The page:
Original blog post here: >What are Google thinking<
I’d like to respond to some of the comments made on hackernews and puremango about my post yesterday, and about Binggate / copygate in general.
Reply: “There was never a ‘link’ between [hiybbprqag] and the spiked sites, so Bing must have been directly copying Google”
Yes, I said “linking” but I didn’t mean it in the sense of a hyperlink (my bad) but rather a conceptual link. What I meant was: “Google spotted that Bing sometimes includes results that seemed to be copied from Google, so Google set up a honeypot â€“ they made some made up words like [hiybbprqag] cause Google’s SERPs to link to random unrelated sites. A few weeks later, around 8% of those sites showed up on Bing for those queries.” I’ve edited the original post with this new wording.
It’s still not valid to jump from that to “Bing are copying Google”. All we can tell from that is “Bing are using information about URL and clicked pages”.
Here, in the clearest terms I can manage, are the two pictures of events:
1) Bing are copying Google
When you’re on Google, and Google alone, Bing kicks in some query string detector – based on URL, form fields, reading Google’s SERP HTML, whatever – and then waits for you to click a page. When you do, that query string is sent to Bing along with the URL of the page you clicked. That information creates a relationship between the query and the page which is then used to create Bing’s results.
2) Bing are just monitoring all clickthroughs
When you’re on any website, Bing kicks in some “What kind of page are we on” detector – based on URL, form fields, reading the HTML, whatever, and then waits for you to click a page. When you do, that data is sent to Bing along with the URL of the page you clicked. That information creates a relationship between the query and the page which is then used to create Bing’s results.
The first is reasonably a case of Bing copying Google, the second is not.
Moreover, why would Bing do that? If they wanted to copy Google, why wouldn’t they just scrape Google directly? But why would they want to copy Google? Because they’re not smart enough to create their own search engine? That’s what Google would like you to believe. I think it’s perfectly within MS’s budget to attract high-quality PhD students who know a thing or two about information retrieval. I mean, just search for [Microsoft Google defector] and you can see that a lot of Googlers used to work at MS. The talent is surely not so massively different that MS have to resort to copying?!? And if they did, why this convoluted strategy – plausible deniability, perhaps. I favour the simpler explanation.
Reply: Whatever, the main issue is that Bing Toolbar is spyware.
Firstly: the communications between Bing toolbar and Bing are encrypted, which hints to me that MS actually do care about protecting your data – the only reason to encrypt it is to ensure that malicious third parties can’t sniff your search data. That’s circumstantial, and could alternatively be read as “They don’t want anyone to know what info they’re collecting” I concede. Secondly: if it was the main issue, why isn’t it the main issue? Thirdly: Users accepted the ‘spying’ in the EULA. Now I know that no-one reads these and that it’s not a nice tactic for companies to hide behind that kind of get-out clause, so, Fourthly: Everyone spies on users. I recorded your browser and referer via Google Analytics when you visited this blog. All your web based email is being ‘spied’ on to create better adverts. This is the trade we make in exchange for free amazing web services. If you want privacy, use DDG.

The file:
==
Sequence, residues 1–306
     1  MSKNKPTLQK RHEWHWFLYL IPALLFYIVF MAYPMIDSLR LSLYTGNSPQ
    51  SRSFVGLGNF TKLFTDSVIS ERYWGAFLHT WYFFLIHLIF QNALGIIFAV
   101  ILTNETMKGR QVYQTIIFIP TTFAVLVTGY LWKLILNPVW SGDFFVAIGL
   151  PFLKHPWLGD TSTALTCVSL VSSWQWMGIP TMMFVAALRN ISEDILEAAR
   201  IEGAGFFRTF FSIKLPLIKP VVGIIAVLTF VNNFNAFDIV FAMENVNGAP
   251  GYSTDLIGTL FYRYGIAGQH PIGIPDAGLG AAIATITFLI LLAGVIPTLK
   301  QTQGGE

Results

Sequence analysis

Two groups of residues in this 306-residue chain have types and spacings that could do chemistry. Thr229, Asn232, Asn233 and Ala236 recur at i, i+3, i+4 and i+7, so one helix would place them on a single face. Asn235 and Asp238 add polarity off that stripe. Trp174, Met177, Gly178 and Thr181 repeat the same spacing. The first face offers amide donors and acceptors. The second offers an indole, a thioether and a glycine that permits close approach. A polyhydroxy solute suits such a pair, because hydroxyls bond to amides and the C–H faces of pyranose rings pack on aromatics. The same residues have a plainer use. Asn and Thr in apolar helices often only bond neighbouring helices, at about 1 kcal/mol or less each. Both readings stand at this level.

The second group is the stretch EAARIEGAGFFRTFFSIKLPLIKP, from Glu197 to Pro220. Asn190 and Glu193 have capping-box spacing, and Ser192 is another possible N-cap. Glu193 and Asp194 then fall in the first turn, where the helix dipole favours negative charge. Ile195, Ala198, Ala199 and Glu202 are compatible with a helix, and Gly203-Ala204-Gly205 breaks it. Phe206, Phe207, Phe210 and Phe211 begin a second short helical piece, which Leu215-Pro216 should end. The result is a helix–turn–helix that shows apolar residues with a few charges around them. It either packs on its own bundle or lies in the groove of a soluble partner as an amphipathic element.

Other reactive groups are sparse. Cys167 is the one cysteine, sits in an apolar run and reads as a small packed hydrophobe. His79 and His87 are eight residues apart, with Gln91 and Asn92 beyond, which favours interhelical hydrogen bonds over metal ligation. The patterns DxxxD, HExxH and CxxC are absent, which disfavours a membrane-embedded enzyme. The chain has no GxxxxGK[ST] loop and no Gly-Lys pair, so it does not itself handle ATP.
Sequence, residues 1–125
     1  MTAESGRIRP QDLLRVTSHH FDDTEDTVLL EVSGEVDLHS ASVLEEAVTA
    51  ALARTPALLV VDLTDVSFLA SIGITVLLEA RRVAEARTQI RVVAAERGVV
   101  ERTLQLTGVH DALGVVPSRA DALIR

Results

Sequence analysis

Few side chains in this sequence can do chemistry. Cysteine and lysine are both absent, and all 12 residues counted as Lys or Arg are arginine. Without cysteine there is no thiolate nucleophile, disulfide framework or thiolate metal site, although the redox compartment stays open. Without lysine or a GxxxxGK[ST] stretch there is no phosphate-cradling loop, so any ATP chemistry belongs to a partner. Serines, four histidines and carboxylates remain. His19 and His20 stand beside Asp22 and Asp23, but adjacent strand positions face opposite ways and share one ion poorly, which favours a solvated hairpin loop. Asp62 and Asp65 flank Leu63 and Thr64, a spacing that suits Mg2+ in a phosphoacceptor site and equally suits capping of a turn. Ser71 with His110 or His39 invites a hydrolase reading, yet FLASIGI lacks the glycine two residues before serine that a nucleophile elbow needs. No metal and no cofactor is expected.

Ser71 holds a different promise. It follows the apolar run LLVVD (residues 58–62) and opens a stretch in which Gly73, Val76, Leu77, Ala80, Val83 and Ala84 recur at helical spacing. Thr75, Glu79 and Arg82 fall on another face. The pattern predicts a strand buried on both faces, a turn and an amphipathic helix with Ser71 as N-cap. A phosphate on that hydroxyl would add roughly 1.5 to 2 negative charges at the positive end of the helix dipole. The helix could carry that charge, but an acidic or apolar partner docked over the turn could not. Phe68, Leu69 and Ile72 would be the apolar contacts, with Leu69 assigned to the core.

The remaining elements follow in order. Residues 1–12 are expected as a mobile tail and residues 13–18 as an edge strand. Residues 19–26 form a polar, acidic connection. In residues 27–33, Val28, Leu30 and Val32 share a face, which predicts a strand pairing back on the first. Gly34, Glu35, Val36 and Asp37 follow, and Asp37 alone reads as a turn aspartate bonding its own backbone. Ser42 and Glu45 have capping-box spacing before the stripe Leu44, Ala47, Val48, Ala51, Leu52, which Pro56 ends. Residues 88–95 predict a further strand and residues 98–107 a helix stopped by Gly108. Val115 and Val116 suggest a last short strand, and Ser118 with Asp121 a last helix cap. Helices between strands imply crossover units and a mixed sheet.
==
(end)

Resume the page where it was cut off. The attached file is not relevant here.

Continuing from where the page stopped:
Reply: It should be “Google is” not “Google are”
I’m English, that’s how we roll.
Reply: The bigger issue is that if this continues, Bing will end up as a copy of Google
Sure, for obscure queries, and perhaps the larger trend that Matt Cutts & co noticed is down to this. So Bing will likely change it. Harry Shum actually said “this is a new kind of clickfraud”. I’d be massively surprised if Bing don’t change the way their “ClickRank” system works (my shorthand word meaning “what I think Bing’s doing”). Just like if Googlebombing had continued, Google would have ended up full of spam. This is a non-issue, it won’t happen. As many have pointed out “It would have been smart to exclude Google from the start”. Yes it would, Bing didn’t anticipate that Google would have such an apparently huge effect on them, and much less that Google would handle this so immaturely.
Also, Google ‘copy’ snippets of webpages, they ‘copy’ images, they ‘copy’ entire websites for cache and for instant previews. They ‘spy’ on users for autosuggest. No-one has a problem with any of this. Because that’s how the web works. To get ahead, you have to start looking at more invasive signals. My own research on adaptive websites focused on tracking clicks, scrolling, word highlighting etc while a user is on a page. This is useful data which can be used to produce a better product if it’s handled sensitively.
I’m not saying “Bing do not have code in there to copy from Google directly”. They may do, they may be absolutely as desperate as Google paint them to be, but for that to be true, a lot of non-obvious, unsupported things (such as “it only happens on google.com”) have to also be true. Occam’s razor suggests we prefer the simpler explanation until further evidence arises.